var days = Math.round(diff/1000/60/60/24);

if (day == 1) { postfix = “st”; }

else if (day == 2) { postfix = “nd”; }

else if (day == 3) { postfix = “rd”; }

 

var graduation = new Date(2016,4,28,0,0);

var diff2 = new Date(graduation – today);

var speechOutput = “Ken only has ” + days + ” days left to finish his Eagle”;

//    var speechOutput = “Ken only has ” + days + ” days left to finish his Eagle”;

// If the user either does not reply to the welcome message or says something that is not

// understood, they will be prompted again with this text.

var repromptText = “Today’s date is ” + month + ” ” + day + postfix ;

var shouldEndSession = true;

 

callback(sessionAttributes,

buildSpeechletResponse(cardTitle, speechOutput, repromptText, shouldEndSession));

 

}

The EagleSession is the routine called from the EagleIntent. The key difference for this function is what is returned for the speechOutput. In this function we only report the days till his 18th birthday and not his graduation date. Note that we calculate the graduation delta but do not print it out. This was done because we basically copied the previous code and dropped it into this function changing only the speechOutput.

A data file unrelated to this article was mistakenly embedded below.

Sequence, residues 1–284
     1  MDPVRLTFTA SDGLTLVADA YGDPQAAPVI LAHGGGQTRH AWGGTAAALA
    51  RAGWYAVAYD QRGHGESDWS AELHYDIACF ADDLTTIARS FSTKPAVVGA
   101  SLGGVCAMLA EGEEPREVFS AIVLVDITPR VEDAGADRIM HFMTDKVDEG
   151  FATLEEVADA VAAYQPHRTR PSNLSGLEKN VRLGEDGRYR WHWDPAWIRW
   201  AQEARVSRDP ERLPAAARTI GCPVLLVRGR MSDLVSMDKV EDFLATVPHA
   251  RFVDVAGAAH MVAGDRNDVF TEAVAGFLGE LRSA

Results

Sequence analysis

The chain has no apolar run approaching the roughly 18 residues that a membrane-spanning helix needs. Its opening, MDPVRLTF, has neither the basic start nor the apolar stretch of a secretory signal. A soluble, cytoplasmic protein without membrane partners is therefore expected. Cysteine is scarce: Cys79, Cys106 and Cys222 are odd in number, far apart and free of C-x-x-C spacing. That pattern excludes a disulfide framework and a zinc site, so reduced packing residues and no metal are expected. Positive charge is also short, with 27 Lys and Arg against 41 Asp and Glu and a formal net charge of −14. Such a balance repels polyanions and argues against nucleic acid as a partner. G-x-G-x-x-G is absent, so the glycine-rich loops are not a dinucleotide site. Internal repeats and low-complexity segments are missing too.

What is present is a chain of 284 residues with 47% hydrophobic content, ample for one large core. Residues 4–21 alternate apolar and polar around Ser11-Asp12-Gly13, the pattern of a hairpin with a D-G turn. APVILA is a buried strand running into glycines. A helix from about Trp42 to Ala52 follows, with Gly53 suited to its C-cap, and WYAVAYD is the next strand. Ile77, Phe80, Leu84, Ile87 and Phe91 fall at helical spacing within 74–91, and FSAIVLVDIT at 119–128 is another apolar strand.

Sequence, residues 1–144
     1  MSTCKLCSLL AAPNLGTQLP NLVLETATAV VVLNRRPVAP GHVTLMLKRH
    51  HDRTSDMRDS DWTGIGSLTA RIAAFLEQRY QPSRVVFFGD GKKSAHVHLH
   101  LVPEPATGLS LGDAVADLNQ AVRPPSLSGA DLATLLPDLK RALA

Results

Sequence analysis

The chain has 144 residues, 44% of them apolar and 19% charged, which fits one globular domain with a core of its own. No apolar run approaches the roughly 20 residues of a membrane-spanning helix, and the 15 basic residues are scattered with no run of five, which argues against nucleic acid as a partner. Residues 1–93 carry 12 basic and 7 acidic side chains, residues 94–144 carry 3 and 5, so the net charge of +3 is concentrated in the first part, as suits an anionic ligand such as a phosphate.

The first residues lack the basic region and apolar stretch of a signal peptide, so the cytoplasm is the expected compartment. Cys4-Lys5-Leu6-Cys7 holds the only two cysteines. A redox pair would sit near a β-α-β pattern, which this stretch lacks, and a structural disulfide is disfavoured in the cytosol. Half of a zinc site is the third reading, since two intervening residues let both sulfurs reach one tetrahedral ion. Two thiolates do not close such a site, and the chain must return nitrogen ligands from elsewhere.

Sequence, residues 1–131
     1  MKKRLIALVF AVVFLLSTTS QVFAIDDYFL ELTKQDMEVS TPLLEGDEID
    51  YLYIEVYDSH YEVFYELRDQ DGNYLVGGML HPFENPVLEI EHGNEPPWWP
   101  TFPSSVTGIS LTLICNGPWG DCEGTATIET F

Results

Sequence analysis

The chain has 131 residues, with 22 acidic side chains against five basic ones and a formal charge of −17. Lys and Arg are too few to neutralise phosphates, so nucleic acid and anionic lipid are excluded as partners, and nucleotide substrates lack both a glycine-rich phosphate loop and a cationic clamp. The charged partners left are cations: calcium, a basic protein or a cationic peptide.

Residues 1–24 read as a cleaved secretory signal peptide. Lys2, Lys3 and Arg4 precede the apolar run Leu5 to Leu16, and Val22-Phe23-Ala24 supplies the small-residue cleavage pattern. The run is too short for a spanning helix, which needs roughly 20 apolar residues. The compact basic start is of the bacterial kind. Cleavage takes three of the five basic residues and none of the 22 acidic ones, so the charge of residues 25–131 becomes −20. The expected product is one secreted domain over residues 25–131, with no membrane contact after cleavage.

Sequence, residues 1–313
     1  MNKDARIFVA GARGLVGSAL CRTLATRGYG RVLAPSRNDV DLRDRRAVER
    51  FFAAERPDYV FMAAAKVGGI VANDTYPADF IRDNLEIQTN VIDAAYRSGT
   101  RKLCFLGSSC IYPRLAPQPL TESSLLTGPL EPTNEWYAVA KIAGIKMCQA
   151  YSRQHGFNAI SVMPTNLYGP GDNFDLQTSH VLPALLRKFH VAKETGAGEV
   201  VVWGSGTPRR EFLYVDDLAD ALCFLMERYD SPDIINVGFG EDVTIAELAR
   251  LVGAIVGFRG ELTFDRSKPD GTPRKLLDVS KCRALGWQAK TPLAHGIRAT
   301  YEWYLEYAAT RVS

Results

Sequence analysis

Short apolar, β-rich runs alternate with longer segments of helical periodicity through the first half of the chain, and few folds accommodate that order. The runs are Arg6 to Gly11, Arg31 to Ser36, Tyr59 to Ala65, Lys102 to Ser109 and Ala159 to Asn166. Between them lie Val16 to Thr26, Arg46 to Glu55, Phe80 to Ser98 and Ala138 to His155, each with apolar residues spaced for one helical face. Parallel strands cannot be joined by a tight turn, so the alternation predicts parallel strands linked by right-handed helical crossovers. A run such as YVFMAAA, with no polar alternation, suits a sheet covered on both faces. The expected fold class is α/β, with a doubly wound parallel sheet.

function GraduationSession(intent, session, callback) {

var sessionAttributes = {};

var cardTitle = “Welcome”;

var today = new Date();

var months = new Array(‘January’, ‘February’, ‘March’, ‘April’, ‘May’, ‘June’, ‘July’, ‘August’, ‘September’, ‘October’, ‘November’, ‘December’)

var month = months[today.getMonth()];

var day = today.getDate();

var target = new Date(2016,02,24,0,0);

var postfix = “th”;